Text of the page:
Author Archives: Mindy Isser

Live from the Lilith Blog

June 6, 2017 by

Jewish Women on the Ramparts for Graduate-Worker Unions

Yale University graduate students at a vigil for the hunger fast. (Photo from Local 33-Unite Here's Facebook page).

Yale University graduate students at a vigil for the hunger fast. (Photo from Local 33-Unite Here’s Facebook page).

It’s not something I ever thought I’d have to do to get the university I attend, and work at, to follow the most basic labor law,” said Lena Eckert-Erdheim. She’s a graduate student worker at Yale University, and she’s talking about her eight-day fast, part of the #FastAgainstSlow. Though she wasn’t raised in a religious family, Eckert-Erdheim said that for her “fasting has a spiritual element to it… it’s an act that speaks very powerfully to many traditions.” 

Why did Eckert-Erdheim decide to go on a hunger strike? In February, eight of the nine departments at Yale whose graduate student workers voted on whether to join a union, voted yes. However, the administration has refused to acknowledge—let alone negotiate with—the union. Instead, they have appealed the vote to National Labor Relations Board (NLRB). Graduate workers are seeking, among other things, improved child care, better health care, and a sexual harassment grievance procedure. In response to the administration’s continued refusal to negotiate, grad workers at Yale embarked on the hunger strike that Eckert-Erdheim participated in, which lasted until Yale’s commencement on May 22.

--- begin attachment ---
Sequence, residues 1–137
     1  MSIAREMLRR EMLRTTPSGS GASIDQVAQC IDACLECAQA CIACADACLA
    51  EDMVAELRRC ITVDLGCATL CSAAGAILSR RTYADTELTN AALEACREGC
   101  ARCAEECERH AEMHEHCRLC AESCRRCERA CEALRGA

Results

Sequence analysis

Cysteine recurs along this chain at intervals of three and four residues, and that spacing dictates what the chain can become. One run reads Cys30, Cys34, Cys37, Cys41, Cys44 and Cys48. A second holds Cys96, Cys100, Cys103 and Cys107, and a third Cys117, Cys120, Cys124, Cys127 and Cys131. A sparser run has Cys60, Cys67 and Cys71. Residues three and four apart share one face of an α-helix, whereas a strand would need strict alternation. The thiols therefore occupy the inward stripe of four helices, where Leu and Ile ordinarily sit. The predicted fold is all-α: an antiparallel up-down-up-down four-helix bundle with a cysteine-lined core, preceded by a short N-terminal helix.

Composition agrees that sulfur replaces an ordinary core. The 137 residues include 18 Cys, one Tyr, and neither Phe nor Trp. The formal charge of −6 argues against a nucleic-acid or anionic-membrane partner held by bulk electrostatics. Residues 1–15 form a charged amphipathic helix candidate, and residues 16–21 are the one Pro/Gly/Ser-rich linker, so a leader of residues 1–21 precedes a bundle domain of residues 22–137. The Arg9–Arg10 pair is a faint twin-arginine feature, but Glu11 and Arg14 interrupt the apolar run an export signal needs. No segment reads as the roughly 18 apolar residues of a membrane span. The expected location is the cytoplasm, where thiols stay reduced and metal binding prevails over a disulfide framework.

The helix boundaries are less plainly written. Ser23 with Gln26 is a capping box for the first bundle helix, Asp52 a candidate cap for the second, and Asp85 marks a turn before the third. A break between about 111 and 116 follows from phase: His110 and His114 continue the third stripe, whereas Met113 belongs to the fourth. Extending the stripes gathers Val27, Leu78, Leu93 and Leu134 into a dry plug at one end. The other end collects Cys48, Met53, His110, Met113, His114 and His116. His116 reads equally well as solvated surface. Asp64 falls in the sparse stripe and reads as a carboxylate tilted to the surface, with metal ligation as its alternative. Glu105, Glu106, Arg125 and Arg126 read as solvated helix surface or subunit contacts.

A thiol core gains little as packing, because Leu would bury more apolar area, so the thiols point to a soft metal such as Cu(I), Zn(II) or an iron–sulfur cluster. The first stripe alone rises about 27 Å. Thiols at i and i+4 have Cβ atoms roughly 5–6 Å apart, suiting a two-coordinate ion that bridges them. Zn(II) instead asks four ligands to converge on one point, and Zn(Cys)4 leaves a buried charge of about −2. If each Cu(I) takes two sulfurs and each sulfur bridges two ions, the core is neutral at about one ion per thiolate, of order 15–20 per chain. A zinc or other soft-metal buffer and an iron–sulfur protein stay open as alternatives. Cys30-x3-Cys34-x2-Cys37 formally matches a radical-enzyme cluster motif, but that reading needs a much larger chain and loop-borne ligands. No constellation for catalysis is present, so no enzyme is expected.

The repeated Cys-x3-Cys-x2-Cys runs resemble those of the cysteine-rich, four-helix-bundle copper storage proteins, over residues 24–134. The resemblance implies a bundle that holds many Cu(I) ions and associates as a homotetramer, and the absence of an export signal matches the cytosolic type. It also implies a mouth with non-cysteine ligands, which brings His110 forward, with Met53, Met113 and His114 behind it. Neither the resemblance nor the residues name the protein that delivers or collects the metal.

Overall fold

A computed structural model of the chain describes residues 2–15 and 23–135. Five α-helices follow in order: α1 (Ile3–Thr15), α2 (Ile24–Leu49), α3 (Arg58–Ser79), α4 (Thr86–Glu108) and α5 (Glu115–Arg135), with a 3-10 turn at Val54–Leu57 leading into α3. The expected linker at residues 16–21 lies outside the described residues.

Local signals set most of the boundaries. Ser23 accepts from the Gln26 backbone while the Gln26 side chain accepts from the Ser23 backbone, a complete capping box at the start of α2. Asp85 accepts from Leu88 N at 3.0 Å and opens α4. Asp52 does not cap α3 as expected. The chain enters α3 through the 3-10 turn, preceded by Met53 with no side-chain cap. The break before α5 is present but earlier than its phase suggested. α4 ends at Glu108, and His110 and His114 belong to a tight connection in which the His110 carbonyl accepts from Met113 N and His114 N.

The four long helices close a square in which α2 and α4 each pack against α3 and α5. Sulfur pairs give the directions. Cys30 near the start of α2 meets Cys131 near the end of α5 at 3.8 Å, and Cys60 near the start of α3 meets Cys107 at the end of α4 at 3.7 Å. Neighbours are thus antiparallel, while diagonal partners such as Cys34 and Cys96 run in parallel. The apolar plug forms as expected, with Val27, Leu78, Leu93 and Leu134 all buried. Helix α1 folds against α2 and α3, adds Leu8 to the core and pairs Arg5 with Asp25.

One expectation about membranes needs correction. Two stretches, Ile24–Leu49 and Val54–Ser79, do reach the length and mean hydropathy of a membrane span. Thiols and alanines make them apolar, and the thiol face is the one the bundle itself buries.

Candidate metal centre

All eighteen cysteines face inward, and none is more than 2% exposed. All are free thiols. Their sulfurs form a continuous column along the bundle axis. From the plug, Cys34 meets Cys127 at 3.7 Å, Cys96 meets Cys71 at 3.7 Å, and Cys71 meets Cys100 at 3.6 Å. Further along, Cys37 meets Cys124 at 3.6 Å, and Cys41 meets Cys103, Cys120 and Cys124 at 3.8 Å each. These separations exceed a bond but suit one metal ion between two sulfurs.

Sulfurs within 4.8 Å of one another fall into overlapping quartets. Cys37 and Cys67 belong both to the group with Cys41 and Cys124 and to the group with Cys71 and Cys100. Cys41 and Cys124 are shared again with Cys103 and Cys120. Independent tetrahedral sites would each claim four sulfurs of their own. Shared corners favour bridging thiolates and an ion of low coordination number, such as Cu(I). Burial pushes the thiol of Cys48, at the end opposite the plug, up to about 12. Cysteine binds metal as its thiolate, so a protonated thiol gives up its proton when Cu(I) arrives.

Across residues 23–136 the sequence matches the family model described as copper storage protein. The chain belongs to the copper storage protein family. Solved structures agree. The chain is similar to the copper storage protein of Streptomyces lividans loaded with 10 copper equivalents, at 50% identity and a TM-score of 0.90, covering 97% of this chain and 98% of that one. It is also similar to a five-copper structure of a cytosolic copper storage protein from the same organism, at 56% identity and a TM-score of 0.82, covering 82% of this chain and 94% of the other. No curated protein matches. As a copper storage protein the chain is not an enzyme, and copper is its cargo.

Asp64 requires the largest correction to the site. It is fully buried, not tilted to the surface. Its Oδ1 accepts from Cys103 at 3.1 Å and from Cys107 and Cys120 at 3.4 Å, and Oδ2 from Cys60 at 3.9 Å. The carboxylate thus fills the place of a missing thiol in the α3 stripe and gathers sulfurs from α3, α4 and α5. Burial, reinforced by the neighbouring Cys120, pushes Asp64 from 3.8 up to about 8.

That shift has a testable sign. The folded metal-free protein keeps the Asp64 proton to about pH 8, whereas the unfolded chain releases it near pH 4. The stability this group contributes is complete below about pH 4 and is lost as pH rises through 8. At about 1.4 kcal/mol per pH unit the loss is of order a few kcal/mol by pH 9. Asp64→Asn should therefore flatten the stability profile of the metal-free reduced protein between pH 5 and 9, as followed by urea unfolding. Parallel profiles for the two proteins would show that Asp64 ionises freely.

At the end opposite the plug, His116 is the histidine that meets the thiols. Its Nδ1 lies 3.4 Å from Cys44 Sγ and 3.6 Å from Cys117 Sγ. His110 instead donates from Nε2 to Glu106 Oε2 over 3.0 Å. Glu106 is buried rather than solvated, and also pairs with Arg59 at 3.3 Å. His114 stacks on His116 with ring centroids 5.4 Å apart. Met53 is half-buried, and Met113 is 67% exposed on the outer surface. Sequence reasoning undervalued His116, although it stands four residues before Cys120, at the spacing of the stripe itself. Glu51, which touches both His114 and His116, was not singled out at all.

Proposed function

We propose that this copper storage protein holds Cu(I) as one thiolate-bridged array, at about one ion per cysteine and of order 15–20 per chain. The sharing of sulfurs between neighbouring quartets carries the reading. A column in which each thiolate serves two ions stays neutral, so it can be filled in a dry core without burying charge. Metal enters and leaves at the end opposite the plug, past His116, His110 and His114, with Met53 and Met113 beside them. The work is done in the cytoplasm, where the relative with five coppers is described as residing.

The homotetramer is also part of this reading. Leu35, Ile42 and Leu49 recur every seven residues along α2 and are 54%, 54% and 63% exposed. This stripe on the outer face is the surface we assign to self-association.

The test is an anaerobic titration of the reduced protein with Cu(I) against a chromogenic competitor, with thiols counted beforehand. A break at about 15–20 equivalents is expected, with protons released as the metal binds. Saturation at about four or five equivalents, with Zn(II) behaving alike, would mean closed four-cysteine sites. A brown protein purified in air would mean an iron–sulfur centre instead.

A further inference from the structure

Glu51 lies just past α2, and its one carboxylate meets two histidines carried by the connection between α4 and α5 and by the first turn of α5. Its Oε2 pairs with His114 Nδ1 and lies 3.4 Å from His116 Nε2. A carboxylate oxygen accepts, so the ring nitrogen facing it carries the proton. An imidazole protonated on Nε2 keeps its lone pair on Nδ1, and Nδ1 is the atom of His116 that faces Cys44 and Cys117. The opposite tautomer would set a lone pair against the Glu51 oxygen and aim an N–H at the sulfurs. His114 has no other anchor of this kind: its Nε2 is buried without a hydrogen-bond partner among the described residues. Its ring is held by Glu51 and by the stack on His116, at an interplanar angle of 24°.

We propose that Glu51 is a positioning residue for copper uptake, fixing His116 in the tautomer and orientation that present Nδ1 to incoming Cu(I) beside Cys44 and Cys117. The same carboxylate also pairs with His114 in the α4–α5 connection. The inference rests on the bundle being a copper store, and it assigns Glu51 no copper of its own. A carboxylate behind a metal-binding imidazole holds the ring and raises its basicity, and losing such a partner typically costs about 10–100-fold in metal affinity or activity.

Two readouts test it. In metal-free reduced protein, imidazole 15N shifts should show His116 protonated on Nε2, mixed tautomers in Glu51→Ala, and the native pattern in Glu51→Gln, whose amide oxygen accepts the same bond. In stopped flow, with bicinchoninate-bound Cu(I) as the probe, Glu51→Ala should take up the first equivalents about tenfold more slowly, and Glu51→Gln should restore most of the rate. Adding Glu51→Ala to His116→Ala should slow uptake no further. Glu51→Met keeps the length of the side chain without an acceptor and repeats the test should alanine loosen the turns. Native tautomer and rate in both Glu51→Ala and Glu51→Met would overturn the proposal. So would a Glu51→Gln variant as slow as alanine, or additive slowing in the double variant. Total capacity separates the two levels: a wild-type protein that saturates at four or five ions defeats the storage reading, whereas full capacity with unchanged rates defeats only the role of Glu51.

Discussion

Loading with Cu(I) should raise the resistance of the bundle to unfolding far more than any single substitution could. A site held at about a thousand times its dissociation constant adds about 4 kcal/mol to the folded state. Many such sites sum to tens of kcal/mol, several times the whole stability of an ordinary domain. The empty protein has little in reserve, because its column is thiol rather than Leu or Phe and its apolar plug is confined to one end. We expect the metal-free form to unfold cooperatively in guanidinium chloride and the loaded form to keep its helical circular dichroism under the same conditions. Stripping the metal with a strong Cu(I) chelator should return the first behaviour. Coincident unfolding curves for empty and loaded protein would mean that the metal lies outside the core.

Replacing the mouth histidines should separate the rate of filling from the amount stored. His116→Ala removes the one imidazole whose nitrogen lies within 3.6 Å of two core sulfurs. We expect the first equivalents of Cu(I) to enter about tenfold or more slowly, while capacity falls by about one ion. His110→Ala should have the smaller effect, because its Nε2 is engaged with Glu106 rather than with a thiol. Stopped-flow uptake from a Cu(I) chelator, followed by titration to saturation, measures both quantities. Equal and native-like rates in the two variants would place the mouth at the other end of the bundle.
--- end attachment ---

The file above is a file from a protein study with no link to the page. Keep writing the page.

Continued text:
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Live from the Lilith Blog

March 14, 2017 by

Why We Need to Teach Tzedek, Not Just Tzedekah

Tzedekah pouch. Photo credit: Cheskel Dovid.

Growing up, I spent a lot of time in my Conservative synagogue—my parents prioritized Jewish learning, and so I spent two afternoons and one morning a week in Hebrew school. Nothing about adolescence has shaped me as much as those classes, where I learned an incredible amount about Judaism, the limits of liberalism, and myself.  

My biggest learning memory—outside of beginning to understand the depths of horror of the Holocaust—is around tzedakah, charity. We often did our morally obligated good deeds together as a class: volunteered at homeless shelters, delivered groceries to senior citizens, and put quarters in the tzedakah box (which is a lot when you’re in middle school!) We would talk about how we felt afterward—nervous and guilty, yet righteous—and how important it is to “give back,” both because God commands it and also just because it’s the “right thing to do.”

But many things are the “right thing to do,” including fighting for unions in the workplace, for a world without refugees, and for an economic and political system that works for all of us. Although there was intense focus on tzedakah, I don’t remember learning about tzedek, the root word of tzedekah—justice, the lifeblood of Jewish history and resistance.

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